2nd March 2023
Interesting to see what happens, now that the idea of raising the age of criminal intent to fourteen years is facing scrutiny, even before it is introduced.
An idea that sounds wonderful in theory but fails the young people it seeks to benefit.
As reported on the 24th of February 2023 by the Herald Sun, a group of young offenders have been arrested, including boys under fourteen.
A 13-year-old faces nine charges, including attempted aggravated burglary, theft of a motor vehicle, affray, unlawful assault, burglary, theft, robbery, failure to answer Bail and committing an indictable offence while on Bail.
A 12-year-old boy is facing charges including theft of a motor vehicle, affray, robbery, shop theft, and committing an indictable offence while on Bail.
These are not isolated incidents and happen all too frequently.
The questions we have for the Premier are –
- How will you deal with young violent thugs when you lift the age to fourteen? Will Police have no power to arrest once their age is established?
- Having established their age, then what do the Police do with them? Put them back on the street to offend again?
- What happens to the Police Cautioning Program that has served the State so well and is by far and away the most used and effective sanction when Police deal with young offenders? The caution will no longer be able to be offered in lieu of prosecution.
- What are you going to tell the Victims – the offences committed by these young thugs hurt the Victim just as much, irrespective of the age of the perpetrator? Just because they were assaulted by a twelve-year-old, the damage is no less painful.
- And what happens to the young perpetrator that will dissuade them from offending again?
- What liability does the State carry for a failure to ensure the safety of the young perpetrators? It would seem a lot. There would be a ‘hue and cry’ if a young penetrator was seriously injured while committing a crime where the State failed, in their duty of care, to intervene in the childs criminal endeavours.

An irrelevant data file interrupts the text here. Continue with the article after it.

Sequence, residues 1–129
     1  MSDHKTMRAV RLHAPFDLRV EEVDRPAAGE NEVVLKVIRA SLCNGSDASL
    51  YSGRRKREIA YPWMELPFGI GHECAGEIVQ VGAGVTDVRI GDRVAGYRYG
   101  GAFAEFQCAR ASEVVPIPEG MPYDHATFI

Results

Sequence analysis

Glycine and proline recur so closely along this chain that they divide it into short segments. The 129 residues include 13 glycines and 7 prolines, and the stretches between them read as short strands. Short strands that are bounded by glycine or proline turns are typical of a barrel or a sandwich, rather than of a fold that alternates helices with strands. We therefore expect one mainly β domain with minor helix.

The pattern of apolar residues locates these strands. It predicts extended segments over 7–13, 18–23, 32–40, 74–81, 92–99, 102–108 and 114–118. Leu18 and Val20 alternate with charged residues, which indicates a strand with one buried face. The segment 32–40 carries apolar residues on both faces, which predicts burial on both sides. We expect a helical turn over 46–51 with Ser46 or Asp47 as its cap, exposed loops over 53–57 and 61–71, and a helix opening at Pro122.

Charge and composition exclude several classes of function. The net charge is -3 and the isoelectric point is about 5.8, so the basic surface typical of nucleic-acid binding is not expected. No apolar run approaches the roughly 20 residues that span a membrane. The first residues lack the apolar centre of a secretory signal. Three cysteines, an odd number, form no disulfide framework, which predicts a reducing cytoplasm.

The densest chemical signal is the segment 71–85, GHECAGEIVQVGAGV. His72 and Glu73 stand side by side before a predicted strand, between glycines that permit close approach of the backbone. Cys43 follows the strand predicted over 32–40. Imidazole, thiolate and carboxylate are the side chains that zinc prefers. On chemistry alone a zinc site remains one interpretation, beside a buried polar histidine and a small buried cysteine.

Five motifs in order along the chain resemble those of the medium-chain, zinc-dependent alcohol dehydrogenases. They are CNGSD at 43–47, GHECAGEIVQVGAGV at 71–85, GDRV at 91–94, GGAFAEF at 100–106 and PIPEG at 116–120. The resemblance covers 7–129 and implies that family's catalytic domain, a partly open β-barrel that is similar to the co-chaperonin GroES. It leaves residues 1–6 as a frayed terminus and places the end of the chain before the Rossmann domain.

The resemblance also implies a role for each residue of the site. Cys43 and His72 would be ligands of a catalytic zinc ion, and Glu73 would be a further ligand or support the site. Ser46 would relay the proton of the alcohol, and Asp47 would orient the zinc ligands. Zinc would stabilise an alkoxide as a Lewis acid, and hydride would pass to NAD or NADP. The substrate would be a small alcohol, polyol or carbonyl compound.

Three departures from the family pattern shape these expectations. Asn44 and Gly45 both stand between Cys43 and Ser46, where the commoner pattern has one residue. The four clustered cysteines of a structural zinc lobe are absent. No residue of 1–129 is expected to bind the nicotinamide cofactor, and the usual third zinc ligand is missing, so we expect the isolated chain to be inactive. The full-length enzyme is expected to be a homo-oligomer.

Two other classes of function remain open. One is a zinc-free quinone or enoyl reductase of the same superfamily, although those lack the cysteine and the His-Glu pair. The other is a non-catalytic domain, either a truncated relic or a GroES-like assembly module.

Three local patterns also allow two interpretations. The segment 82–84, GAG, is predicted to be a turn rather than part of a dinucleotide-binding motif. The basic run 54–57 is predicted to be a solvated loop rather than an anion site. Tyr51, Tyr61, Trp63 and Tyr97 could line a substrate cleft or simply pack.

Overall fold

- What protection is offered to victims of violent sex offenders in this cohort?
- And of greatest concern is what happens when a young person in this cohort commits murder. It can and does happen.
- If a young person is accused of a serious crime, that accusation may not leave them, which is particularly brutal if the child is innocent.
- How do you propose to teach young people that there are consequences for unlawful acts?
The argument for the necessity of this move is not based on facts and will eliminate the option for a Police caution for children under fourteen.
“Of 5981 young people alleged to have committed an offence 56% received a caution, 45% were charged.
Consistent with the findings of previous studies, young people who were cautioned were less likely to re-offend than those charged. The current study also found a longer duration between the index incident and their first reoffending incident for cautioned young people as opposed to those charged.”
This government proposal has been suggested by people with little or no idea of the psyche of young people of this age.
- If arrested, being sent home will be interpreted as, winning and beating the system.
- Time for young people is now; no matter what they are told, if intercepted by the Police, they will immediately return to the social set that got them into criminality. (One of the great advantages leading to the success of the Police Cautioning Program is that it can be delivered in close time proximity to the offending, having a greater impact than a Court case some many months after the event from which the child has long moved on both in maturity and socially.)
- These same young people are hazardous to the community because they have no concept of the consequences of their actions on victims.
- The concept of Bail is also seen as them beating the system. They do not ignore the Bail but do not grasp what it means.
What is very obviously deficient in this proposal is what it intends to achieve.
Called progressive socialism, it is a concept heavy on the narrow emotive argument, a subjective bias of the perpetrator’s age, and sadly lacking in effectiveness.
Premier, if you want community support, please explain how you will reduce the suffering of Victims and how this proposal will benefit young people and steer them from a life of crime.
Avoiding consequences at that age, will instead ensure they become entrenched in a life of crime.